AP Latin: Aeneid Rhetorical Devices
Terms in this set (50)
An extended metaphor. A narrative in which abstract ideas figure as circumstances or persons.
Effects: adds interest, teaches a moral lesson
Latin: The personification of Fama (Rumor) in 4.173-197 and 655-56
Repetition of the same consonantal sound, usually at the beginning of two or more successive words
Effects: emphasizes, enlivens
Latin: Veni, Vidi, Vici./"magno cum murmure monte"
Repetition of a word, usually at the beginning of successive phrases, clauses or lines. Appears frequently in Vergil, and is often accompanied by ansydeton.
Effect: demands attention, emphasizes
Latin: "Ut spolia, ut currus, utque ipsum corpus amici...conspexit."
An abrupt break in a sentence, wherein the speaker is seemingly overwhelmed with anger, fear, excitement, or some other excessive emotion. An unfinished thought, the implied meaning of which is usually clear. Being at a loss for words.
Effect: creates dramatic energy
Latin: "Quos ego---! Sed motos praestat componere fluctus."
A "turning away" from one to address another; often used to address an absent personified object or a person. Apostrophe differs from personification in that it addresses an object directly, rather than merely describing it in human terms. Appears frequently in Vergil.
Effect: expresses deep emotion and pathos; draws the reader into the situation.
Latin: "O patria, O divum domus Ilium!" (2.241)
The omission of connectors in a closely related series. Creates a rapid statement of ideas. Common in Vergil when combined with anaphora.
Effects: accelerates the words or actions; expresses non-stop action or violence.
Latin: "Unus natorum Priami, per tela, per hostes...fugit." (2.527-28)
Arrangement of two sets or pairs of corresponding or syntactically parallel words in opposite or reverse order. AaBb becomes AbBa (order varies).
Effect: balances, contrasts, embraces, creates a word picture.
English: The cat jumped in, out jumped the mouse.
Latin: "Ilionea petit dextra laevaque Serestum."(1.611)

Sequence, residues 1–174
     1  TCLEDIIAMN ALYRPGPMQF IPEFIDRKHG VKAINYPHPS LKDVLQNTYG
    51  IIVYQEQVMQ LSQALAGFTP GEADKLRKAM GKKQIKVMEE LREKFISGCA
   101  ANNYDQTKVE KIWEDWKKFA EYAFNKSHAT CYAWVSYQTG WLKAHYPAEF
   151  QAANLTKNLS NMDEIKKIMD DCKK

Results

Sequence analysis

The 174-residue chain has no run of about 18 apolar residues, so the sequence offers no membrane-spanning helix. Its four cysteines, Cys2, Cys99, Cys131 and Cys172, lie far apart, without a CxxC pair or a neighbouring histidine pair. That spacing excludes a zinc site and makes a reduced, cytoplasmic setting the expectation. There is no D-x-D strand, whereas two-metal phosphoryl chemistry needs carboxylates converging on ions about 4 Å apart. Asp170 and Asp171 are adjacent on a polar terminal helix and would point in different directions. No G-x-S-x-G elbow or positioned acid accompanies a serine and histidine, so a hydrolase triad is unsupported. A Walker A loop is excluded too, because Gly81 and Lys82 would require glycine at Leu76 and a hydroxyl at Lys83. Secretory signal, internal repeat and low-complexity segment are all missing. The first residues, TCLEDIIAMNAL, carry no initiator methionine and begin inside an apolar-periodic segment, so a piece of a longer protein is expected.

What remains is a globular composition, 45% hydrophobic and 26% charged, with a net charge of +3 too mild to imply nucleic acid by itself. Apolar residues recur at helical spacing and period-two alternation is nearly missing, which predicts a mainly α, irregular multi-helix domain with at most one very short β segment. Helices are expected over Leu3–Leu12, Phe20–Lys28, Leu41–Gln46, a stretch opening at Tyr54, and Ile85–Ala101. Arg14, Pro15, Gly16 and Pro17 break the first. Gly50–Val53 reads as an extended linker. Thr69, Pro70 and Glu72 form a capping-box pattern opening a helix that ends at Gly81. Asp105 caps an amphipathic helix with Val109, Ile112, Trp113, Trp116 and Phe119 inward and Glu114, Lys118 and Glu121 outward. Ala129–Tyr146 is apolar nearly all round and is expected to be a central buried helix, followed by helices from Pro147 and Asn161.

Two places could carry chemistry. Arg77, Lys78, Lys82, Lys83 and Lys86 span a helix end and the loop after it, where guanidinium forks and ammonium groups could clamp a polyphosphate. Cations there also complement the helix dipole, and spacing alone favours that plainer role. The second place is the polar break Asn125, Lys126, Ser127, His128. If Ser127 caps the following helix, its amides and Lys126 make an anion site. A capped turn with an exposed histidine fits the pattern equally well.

A digression vividly describing a place, object, or event. In epic poetry, this device creates transition to a new scene.
Effect: adds vividness, interest.
Latin: 1.159-70 describes elaborately a harbor into which Aeneas' fleet limps after the storm.
Omission of an easily understood or assumed word in order to avoid repetition, to secure rapidity of narration, or to accommodate the requirements of meter. Differs from gapping in that the understood word is often a form of "esse," but it can also be a form of the verb ago, dico, facio, inquit, or loquor.
Effect: confusion, economy, acceleration of the narrative; creates a variety of style.
Latin: "Tantae animis caelestibus irae?" ("Suntne" is ellipted at the beginning)
In verse, the building of suspense by postponing to the next line a significant word or words related to the previous line. A run-on line. Common in Vergil.
Effect: develops suspense and creates surprise.
Latin: "Arcades, haec, inquit, memores mea dicta referte/Evandro." 10.491-92)
The use of two nouns connected by a conjunction and having the meaning of a single modified noun.
Effect: amplifies, adds force.
Latin: "Hoc metuens, molemque et montes insuper altos." (molem montium= a mass of mountains) (1.61)
A significant departure from normal word order, sometimes referred to in English as anastrophe. The separation of words, most commonly an adjective from its noun, that logically belong together. First word, the adjective, is placed in an emphatic position. Just like bracketing to create ideas.
Effect: emphasizes the first of the separated words; creates images and wordplay
Latin: "Speluncam Dido dux et Troianus eandem." (4.124)
Exaggeration for emphasis or rhetorical effect; overstatement.
Effect: stresses the importance or seriousness of a situation; helps the reader to experience it with those involved.
Latin: "Fluctusque ad sidera tollit." (1.103)
Reversal of the normal or expected sequence of events in order to put the more important idea, which logically would come later in time, first.
Effect: emphasizes a particular word or idea, or stresses the result of an action.
Latin: Ut tecum loquerer simulque ut essem. (speaking is placed before the being together.) (Catullus 50.13)
The expression of something contrary to what is intended, i.e.., the words say one thing but actually mean another.
Effect: adds humor or sarcasm
Latin: "Nos munera templis quippe tuis ferimus"(4.218) (Iarbas sarcastically suggests that worshipping Jove has no payoff for mortals)
An understatement or double negative.
Latin: "Neque enim ignari sumus." (1.198)
An implied comparison, made through the figurative use of words that suggest a likeness between what is actually being described and something else, like using fire to describe "passion."
Effect: creates interest, or further understanding of something unfamiliar; stimulates the imagination.